Time surely to think this through properly and find the humane, caring, effective, and indeed cost-effective alternative.

Meanwhile this remains a scandal for which we should all be ashamed. The UK has a fairly honourable ranking in many aspects of support for vulnerable citizens but this is one area where our reputation doesn't pass even the simplest smell test.

Watch the whole programme here and see our coverage on Facebook here.

Wednesday 21 May 2014

Contrasting Crunch

Fizzy has a point to make

Here's a tip from Fizzy the unofficial Let's Get Physical! maggot...I mean mascot:-

He sings the praises of frozen spinach. It's cheap, nutritious, easy to prepare, and delicious. It's available everywhere but a good buy is Sainsbury's 2 kilos for £2.50 - see here. Fresh leaves in a bag will cost you about five times that price per kilo but nice for salads.

You can grow spinach easily in the garden - or try perpetual spinach: it's a bit coarser but keeps coming which is handy.

But actually frozen spinach is a great product which loses almost nothing from not being fresh; and one of the useful qualities of spinach is that it has a substantial, almost meaty texture and taste so you can make a satisfying meal without gobbling down too many calories.

A classic for breakfast, lunch or dinner is spinach on toast with a poached egg on top: just follow the instructions to heat up the spinach (and you may need to squeeze out a bit of water and roughly chop it up), poach your egg and away you go - lovely yoke oozing sensuously through the spinach and the contrasting crunch of the toast. Mmm.

There are recipes which call for olive oil or parmesan but Fizzy is adamant that you should resist such continental frippery and stick to the UKIP version - just add a little salt and pepper to taste.

If you are a bit daunted about poaching eggs try this link and pick your method. But whatever you do don't microwave your egg unless you want it to bounce off the plate - microwaves have many valuable uses but eggs aren't one of them.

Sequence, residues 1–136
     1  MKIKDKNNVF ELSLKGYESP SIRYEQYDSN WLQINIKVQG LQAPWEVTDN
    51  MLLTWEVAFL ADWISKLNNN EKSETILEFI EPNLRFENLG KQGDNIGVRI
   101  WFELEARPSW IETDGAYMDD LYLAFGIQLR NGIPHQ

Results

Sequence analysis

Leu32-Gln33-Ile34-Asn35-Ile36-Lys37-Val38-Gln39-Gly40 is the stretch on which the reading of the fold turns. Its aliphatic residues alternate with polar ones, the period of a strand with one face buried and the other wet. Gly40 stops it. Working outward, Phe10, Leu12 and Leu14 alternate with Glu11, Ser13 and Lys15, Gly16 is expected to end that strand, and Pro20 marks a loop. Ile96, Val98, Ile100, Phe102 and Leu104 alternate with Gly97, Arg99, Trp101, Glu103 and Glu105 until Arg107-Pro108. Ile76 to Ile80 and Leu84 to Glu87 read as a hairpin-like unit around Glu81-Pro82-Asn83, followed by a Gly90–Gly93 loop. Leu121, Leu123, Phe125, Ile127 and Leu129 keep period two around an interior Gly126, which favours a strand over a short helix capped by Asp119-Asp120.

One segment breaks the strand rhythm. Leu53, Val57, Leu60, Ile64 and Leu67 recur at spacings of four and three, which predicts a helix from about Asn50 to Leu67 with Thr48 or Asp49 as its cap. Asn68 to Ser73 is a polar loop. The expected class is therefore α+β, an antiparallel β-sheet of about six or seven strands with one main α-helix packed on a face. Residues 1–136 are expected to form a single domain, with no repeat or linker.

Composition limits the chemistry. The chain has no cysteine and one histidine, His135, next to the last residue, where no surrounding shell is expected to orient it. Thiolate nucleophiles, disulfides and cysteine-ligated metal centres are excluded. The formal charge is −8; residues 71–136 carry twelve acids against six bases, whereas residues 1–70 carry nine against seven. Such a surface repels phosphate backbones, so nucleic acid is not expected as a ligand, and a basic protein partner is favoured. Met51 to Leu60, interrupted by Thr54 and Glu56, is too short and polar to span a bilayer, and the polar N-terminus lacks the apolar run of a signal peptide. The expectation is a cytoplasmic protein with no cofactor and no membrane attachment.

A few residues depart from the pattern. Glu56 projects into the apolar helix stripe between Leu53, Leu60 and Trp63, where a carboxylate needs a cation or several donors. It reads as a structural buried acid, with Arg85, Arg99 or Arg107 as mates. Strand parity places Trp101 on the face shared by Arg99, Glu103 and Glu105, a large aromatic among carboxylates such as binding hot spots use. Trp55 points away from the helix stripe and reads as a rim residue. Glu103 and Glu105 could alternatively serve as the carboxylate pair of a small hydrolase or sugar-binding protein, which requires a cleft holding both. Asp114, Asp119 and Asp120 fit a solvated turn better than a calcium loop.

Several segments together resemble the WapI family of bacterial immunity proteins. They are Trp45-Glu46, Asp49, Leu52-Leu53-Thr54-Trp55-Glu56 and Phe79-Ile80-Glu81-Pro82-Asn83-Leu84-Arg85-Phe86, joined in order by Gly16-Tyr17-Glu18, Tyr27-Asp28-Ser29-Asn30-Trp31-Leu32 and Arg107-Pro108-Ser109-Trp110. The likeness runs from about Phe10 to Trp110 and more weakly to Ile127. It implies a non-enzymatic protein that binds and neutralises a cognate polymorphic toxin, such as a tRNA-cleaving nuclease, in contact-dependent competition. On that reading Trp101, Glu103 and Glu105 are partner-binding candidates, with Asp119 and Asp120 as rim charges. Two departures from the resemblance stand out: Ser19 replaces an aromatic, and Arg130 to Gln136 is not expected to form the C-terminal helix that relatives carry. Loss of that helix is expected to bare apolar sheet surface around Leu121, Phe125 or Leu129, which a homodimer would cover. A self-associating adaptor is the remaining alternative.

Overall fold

Spinach is good for you. Note in particular it's a source of calcium and vitamin A as well (famously) iron. For the record it also contains vitamin C, vitamin E, vitamin K, magnesium, manganese, folate, betaine, vitamin B2, potassium, vitamin B6, folic acid, copper, protein, phosphorus, zinc, niacin, selenium and omega-3 fatty acids (for which there is some evidence of a useful effect on Bipolar Disorder - and it's in your poached egg too!).

The wise readers of this Blog will already know that the concept of "superfoods" (wondrous stuff which miraculously prolongs life) is a deception put around by cranky health food shopkeepers - but the nearest real thing to the concept is probably spinach.

Thanks, Fizzy.

And here's another advocate of spinach...

Monday 19 May 2014

Onwards And Upwards

See the fantastic pictures and stories from the first of our 22 county events in Bridgend. You are spoilt for choice...

‣ Go to the Campaign's dedicated website here

‣ Or to our Facebook platform here

‣ Or tweet away here

‣ And you will also see coverage on Hafal's site here

‣ And indeed on our information service Mental Health Wales' site here